Hi my name is Aden and this is my first post. I am in a somewhat unusual intellectual property issue and, though I have done a lot of searching, cannot find a direct answer to one of my questions.
Basically I was doing work experience for an organisation (I was definitely not an employee) and I created some software for another organisation while I was there. Recently the question of intellectual ownership of my software has come up and the organisation where I originally created the software (since then I have continued working on it using my own equipment) claims that they have the right to take possession of the intellectual property of my software and gift it to the organisation I created it for. As I was not an employee I don't believe they can do this but they may claim that, because I used their equipment, that they own what I created.
Any input would be greatly appreciated.
Aden, if you didn't sign an agreement giving the company your IP, then you own it, in Australia. Whether you used their equipment is not important for deciding copyright ownership.
You should write them a letter stating that you own the copyright in the software. If you want, you can offer to sell it to them, but you don't have to. Writing a letter helps establish to the employer that you are serious. Also, if they still continued with their plan to give your software to another party, then the existence of your letter would prevent them claiming they weren't aware of your rights.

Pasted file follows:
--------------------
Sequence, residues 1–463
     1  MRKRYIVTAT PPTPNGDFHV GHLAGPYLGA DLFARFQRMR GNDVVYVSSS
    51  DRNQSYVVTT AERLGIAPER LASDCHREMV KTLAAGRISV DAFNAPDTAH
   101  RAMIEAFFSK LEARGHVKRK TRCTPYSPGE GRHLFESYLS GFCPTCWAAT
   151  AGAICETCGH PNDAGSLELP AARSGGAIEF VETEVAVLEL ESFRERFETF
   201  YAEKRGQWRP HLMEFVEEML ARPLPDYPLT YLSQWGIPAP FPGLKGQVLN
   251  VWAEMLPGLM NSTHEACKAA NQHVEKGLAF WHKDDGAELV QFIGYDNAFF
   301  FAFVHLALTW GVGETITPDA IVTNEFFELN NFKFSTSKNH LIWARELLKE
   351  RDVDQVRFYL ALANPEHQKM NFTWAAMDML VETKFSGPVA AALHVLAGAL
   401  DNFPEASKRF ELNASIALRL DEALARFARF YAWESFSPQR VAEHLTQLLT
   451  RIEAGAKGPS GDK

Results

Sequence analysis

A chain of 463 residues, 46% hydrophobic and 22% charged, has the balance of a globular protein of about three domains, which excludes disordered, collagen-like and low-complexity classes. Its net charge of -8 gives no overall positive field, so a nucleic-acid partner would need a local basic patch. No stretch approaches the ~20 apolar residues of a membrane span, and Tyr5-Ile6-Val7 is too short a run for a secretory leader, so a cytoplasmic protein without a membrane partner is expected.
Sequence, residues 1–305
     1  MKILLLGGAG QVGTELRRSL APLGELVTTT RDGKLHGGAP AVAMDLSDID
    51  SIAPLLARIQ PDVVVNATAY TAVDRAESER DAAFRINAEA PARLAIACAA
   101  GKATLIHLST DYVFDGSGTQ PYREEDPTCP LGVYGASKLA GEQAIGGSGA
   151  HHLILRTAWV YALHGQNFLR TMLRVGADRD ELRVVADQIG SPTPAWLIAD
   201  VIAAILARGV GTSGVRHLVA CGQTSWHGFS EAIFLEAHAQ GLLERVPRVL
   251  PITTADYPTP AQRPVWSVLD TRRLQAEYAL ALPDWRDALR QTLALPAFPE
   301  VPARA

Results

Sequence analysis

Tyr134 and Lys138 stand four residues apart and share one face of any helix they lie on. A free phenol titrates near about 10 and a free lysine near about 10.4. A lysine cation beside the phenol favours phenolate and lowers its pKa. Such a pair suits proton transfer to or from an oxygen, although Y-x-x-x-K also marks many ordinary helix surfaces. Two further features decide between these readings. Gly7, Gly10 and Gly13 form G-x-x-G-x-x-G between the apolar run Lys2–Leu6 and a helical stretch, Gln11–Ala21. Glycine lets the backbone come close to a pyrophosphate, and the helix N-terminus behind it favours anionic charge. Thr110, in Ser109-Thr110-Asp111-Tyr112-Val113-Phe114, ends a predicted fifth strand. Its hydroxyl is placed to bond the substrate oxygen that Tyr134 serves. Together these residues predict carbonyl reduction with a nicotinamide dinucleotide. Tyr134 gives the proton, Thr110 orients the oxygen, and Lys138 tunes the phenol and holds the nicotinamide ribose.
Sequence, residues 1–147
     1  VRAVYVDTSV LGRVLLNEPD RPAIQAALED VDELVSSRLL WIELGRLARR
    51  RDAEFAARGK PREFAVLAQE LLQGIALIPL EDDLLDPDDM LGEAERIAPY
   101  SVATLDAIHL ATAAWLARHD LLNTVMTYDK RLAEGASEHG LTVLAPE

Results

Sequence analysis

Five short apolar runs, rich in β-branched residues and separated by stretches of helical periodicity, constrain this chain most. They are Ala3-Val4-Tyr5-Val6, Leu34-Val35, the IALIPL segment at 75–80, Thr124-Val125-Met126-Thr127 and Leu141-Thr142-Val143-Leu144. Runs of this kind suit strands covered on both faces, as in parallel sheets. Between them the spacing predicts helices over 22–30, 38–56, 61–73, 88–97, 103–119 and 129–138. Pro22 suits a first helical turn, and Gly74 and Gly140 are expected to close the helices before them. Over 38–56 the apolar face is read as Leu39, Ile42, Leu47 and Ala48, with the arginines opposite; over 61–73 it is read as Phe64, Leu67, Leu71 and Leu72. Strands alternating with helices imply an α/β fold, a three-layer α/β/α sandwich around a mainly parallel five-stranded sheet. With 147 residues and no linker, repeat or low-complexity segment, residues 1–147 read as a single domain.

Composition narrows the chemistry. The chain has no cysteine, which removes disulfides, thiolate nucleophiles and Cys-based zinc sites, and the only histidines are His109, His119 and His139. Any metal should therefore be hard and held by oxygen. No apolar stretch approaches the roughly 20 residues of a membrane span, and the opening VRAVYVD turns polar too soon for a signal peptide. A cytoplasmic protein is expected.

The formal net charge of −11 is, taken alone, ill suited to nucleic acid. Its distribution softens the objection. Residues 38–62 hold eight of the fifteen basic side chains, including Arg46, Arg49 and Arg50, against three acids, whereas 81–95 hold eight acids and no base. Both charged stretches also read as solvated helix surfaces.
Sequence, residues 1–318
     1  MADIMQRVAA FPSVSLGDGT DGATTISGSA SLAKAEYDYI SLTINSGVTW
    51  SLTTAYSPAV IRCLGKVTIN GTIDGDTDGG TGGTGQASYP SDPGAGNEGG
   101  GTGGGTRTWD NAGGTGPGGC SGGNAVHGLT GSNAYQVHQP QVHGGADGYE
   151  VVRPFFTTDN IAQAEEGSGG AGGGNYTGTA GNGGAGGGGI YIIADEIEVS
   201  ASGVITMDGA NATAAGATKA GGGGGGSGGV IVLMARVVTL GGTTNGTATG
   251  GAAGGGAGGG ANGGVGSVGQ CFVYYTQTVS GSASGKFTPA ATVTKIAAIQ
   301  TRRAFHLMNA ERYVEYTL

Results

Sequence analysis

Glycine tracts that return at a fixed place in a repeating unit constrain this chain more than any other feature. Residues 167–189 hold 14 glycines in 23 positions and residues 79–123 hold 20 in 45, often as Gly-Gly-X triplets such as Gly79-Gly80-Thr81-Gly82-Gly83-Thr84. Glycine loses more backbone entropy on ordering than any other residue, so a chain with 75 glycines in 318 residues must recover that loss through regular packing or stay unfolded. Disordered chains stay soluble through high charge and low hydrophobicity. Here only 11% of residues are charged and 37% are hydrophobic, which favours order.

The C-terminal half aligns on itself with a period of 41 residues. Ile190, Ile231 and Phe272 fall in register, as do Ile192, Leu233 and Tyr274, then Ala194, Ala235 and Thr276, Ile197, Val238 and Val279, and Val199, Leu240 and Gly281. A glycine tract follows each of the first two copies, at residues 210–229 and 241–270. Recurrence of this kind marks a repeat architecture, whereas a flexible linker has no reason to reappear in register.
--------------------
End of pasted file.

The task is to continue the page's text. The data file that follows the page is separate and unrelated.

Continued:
IP right of work by an employee or by trainee done on employer infrastructure should belong to the employer. In many of the work experience contact this is clearly mentioned. Is there any written contact with your employer for work experience? If is mentioned explicitly in such contract, IP belongs to the employer.
In case it is not, the matter becomes subjective. Is the work you created relates to the work experience you gained at the employers place? Did it took substantial time (official) ? You need to be more clear for a clear answers.
Spend 10 minutes to create a new name, then spend a week re-writing a clean room version of the code. (It's a lot faster to write something a second time)
You will spend more time than that disputing ownership, arguing over who contributed ideas , resources etc without a proper resolution. Let them take what you left on their computer, and when the other organization realizes the maintainer has been forced to walk away from the code they will probably not use it for long.
Re-writing it won't solve the problem that the company wants to gift this software to the client he is hoping to bill.
He needs to fight this if he wants to retain the rights.
If there was no contract you signed, you weren't an employee then I can't honestly see how they can claim ownership of your work. Basically what they're suggesting is that without their equipment you wouldn't have been able to create the software which in itself unless you were doing some high-level stuff that could have only been done on their equipment, then I would fight it.
I'm not a lawyer my advice could be wrong, but in my experience they haven't got a leg to stand on here.